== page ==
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Cascade Quarterly News Archives
Spring 2008 - Volume 2, Issue 1

Feature Article: Managing Your Stress

Printable PDF Version

In this issue:

1) Feature Article: Managing Your Stress
2) Your stress checklist
3) Massage to the rescue
4) Blow away your tension
5) About Cascade Massage Therapy

1) Feature Article: Managing Your Stress

 Believe it or not, you need stress in your life. Research shows again and again that the healthiest and most productive people are not those that avoid stress, but those that learn to manage stress in their lives. Stress stimulates your physical and mental performance, so rather than trying to eliminate your stress, you want to find ways to keep it at an optimal level so it becomes a positive force in your life.

Fight or flight
To appreciate why massage is so effective in fighting stress, it is important to understand what is known as the stress response. Stress begins with an event that places some sort of demand on you. Your mind decides whether that event may be potentially harmful to you either physically (your body) or psychologically (your self esteem). If your brain determines that there is a possibility of harm, it initiates a stress response. This response is also called a fight or flight response because it causes the same bodily changes that allowed our ancient ancestors to fight or flee from predators.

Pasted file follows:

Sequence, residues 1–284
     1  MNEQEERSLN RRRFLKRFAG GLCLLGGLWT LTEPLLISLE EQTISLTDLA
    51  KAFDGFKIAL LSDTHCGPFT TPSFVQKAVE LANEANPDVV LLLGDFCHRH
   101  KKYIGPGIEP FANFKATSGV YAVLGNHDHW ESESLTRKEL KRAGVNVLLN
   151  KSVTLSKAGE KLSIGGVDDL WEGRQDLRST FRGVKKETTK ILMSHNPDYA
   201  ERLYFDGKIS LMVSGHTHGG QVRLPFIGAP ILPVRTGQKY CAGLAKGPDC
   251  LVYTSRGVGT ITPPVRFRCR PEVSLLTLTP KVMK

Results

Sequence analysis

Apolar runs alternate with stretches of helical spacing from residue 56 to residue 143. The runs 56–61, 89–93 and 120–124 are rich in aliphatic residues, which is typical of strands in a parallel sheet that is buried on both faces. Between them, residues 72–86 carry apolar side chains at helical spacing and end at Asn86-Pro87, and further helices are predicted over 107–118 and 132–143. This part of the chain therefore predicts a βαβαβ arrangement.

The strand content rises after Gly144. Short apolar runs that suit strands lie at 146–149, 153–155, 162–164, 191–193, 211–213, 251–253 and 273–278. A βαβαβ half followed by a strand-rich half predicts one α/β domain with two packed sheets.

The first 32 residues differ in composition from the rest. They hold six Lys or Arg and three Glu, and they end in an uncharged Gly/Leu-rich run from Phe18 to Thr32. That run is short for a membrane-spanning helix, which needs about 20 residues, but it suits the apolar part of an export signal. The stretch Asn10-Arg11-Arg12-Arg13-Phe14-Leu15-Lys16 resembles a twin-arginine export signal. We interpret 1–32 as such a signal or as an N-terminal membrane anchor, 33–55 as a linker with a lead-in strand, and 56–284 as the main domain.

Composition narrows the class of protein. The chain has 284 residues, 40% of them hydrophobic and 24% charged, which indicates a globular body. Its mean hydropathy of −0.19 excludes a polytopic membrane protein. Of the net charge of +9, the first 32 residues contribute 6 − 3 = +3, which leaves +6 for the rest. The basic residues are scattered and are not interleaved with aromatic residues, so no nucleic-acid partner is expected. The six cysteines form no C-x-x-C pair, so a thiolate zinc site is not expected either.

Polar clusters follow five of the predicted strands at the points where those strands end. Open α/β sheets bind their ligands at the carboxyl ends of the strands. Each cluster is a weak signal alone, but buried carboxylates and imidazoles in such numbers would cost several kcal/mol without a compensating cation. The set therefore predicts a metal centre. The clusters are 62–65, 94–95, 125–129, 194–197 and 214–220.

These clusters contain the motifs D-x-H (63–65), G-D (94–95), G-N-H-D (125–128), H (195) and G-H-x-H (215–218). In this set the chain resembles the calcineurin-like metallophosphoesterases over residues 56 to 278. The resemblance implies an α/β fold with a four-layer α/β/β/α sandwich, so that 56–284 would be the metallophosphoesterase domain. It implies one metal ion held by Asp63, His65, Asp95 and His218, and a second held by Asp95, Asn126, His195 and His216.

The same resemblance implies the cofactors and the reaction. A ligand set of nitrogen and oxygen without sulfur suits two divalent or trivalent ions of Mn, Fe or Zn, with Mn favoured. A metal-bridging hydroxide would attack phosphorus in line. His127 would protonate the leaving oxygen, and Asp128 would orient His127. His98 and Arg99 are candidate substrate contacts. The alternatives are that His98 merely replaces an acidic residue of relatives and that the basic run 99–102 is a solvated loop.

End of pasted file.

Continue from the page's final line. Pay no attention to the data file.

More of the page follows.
All the physiological changes that happen in your body with this response occur for one reason only: To prepare your body for physical action. Your muscles tense in preparation for activity. Your heart rate and blood pressure increase to get blood to your muscles. To deliver oxygen to your muscles, your breath becomes quick and shallow. Your digestive and reproductive systems shut down to conserve energy. Hormones are released to keep you awake and alert. Fats and sugars are released into your bloodstream for energy.

Unfortunately, fighting or fleeing are rarely useful ways to deal with the stresses we commonly face, like money worries, relationship problems, or troubles with co-workers.

Because we don’t respond with physical action, our bodies don’t feel as though the problem is resolved and we continue to store the stress in anticipation for action.

With constant pressure, your stress never ends and you can’t slow down and unwind. As a result, the stress, in a sense, builds up in your body. You get caught in a self-perpetuating cycle of stress in which you become less and less able to relax. Tension turns into chronic headaches, or perhaps neck, shoulder, and back pain. You may not be able to sleep well which leaves you feeling so fatigued that you have little energy to deal with your problems effectively. You may also find that it takes very little to trigger another stress response. It becomes difficult to cope with even small stresses and even taking time for recreational activities becomes burdensome.